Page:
- Nathanael Mannone
- Email address:
- Thesis title:
- Between Dissent and Co-optation: An Exploration of film, music, and quotidian humour in revolutionary Tunisia
After my BA in International Studies at Towson University (2009), I completed my MA in Middle East Studies at the American University in Cairo while enjoying the Ryoichi Sasakawa Young Leaders Fellowship (2012). My research focused on the intersection of music, activism, and the international news media during the January 14 Revolution in Tunisia. After graduating, I traveled back to Tunisia on a research grant and spent the summer investigating political humour. I came to SOAS in order to build upon my expertise in various fields of Tunisian cultural production, patterns of cultural consumption, as well as the state’s role in, and reactions to, changes within cultural markets.
Analyzing works of music, cinema and everyday forms of humour, this thesis examines the role of cultural production in the lead-up to the 14th January Revolution in Tunisia. Additionally, I focus on the state’s multifaceted apparatuses aimed at mitigating the threat that it identified within the aforementioned cultural products, in addition to how artists and producers utilized those (social, legal, and political) structures to a multitude of ends.
Employing textual and discourse analysis on a selection of pre-revolutionary works of cinema and music, I hope discover in what ways these works reproduced and/or refuted surrounding social structures. While many of these works have been interpreted as allegories within the larger body politic (Gana 2011), other scholars have expressed concern that a metaphorical interpretation obscures the political aspects of the ‘everyday’ social issues depicted therein (Hayes 2000). This thesis therefore, attempts to synthesize both the quotidian relevance of these works with that of an allegorical interpretation, bearing in mind that most critique or commentary of the time could not have been issued overtly because of the governing political structures of the former regime(s).
Conducting interviews with artists, producers, promoters and politicians I hope to untangle how the various ministries and departments not only punished political dissidents but also, offered tangible rewards to those who would refrain from political (read: counter-regime) discourse. Further, I am very interested in how the aforementioned cultural figures may have both suffered and benefitted (perhaps simultaneously) from government programs and policies.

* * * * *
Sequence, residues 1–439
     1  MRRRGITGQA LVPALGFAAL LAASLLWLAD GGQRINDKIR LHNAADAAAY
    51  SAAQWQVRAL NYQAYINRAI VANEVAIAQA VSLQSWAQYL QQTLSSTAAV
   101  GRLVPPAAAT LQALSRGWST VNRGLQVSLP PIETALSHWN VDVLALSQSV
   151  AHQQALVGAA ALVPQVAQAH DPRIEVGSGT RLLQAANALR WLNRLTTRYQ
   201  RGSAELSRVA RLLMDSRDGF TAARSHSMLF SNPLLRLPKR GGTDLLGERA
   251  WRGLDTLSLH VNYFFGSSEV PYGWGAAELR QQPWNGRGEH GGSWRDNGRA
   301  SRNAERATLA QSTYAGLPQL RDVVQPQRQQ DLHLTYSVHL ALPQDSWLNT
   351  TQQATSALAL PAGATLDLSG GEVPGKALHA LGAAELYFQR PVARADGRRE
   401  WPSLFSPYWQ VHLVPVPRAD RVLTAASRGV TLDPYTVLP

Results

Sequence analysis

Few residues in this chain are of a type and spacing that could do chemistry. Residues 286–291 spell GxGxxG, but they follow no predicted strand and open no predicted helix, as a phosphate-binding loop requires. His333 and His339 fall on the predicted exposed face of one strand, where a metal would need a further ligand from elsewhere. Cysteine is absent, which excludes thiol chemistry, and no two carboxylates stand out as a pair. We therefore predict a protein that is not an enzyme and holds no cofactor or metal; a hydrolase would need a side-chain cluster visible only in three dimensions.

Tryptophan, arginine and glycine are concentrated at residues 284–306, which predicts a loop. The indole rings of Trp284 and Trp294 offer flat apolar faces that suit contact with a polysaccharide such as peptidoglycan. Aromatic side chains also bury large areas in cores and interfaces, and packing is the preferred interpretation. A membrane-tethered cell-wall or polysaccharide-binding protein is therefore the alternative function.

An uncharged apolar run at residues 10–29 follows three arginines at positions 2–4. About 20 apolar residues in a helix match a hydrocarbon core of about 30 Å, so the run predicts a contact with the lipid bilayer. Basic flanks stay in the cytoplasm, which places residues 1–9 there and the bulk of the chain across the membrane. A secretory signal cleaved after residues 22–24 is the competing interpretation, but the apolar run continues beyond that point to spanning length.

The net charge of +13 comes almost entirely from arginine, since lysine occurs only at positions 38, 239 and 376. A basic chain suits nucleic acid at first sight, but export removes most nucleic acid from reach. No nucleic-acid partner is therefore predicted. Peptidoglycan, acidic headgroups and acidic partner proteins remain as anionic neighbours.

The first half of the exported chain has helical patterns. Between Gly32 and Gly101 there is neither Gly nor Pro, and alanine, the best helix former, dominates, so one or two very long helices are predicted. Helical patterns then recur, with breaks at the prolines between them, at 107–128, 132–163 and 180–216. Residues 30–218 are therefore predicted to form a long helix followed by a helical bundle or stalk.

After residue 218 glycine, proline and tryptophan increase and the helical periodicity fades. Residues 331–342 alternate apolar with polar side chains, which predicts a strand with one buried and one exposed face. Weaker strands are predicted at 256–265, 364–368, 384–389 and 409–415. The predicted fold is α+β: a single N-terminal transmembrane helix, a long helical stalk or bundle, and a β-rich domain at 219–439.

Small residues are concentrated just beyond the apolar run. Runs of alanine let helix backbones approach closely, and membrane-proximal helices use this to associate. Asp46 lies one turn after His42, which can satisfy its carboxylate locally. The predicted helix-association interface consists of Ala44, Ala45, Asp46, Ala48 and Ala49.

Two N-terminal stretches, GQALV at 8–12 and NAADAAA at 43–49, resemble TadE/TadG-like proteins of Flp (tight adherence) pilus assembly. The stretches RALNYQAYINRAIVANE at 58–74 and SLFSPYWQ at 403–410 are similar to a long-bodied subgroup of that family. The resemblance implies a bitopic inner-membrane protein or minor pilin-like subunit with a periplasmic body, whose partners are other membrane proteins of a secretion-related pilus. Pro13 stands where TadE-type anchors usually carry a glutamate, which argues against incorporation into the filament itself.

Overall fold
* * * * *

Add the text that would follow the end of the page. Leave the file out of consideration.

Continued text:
In addition to the above, this thesis attempts several theoretical contributions as well. In recent studies of cultural production in the MENA region for example, several analysts proffer a view of dissidence that bifurcates productions that constitute meaningful resistance and those that occupy the space delineated as ‘tanafus’ (literally, ‘breathing’), or as we might say in English “breathing room” (Wedeen 1999, Cooke 2007). However, by analyzing a selection of orally transmitted jokes and political cartoons circulated both in print and online, while taking into account recent surveys of performativity, the distinction between ‘tanafus’ and meaningful political action begins to break down. Further, by incorporating Bourdieusian theories of capital transformation and specifically how the news media, government censors, and even academic studies can act as mechanisms of consecration for cultural producers (see: Bourdieu 1983, 1993, 1998), I explore how the dissident character of a work or product is very much determined during its reception, further problematizing the tanafus-resistance interpretation of cultural production.
- October 18, 2013 “For Whom do We Produce? Reflexivity and Questions of Consecration in Contemporary Cultural Studies of the Maghreb.” Presented as part of the panel, “The State of the Field” at the Maghreb Academic Network biannual meeting, Kings College London, United Kingdom.
- September 13, 2013 Host/Presenter, “Roots and Sprouts: By Achref Chargui and Friends.” Concert held in Acropolium de Cathage, Tunis, Tunisia.
- July 8-11, 2013 “Violence and the ‘Laughing Chorus:’ Quotidian Humor, Intertextuality, and Epistemic Violence in Tunisia.” Presented as part of the panel “Through Dido’s Eyes: Avenues of Revolution in Intertextuality.” British Comparative Literature Association (BCLA) XIII International Conference: Migration, University of Essex, United Kingdom.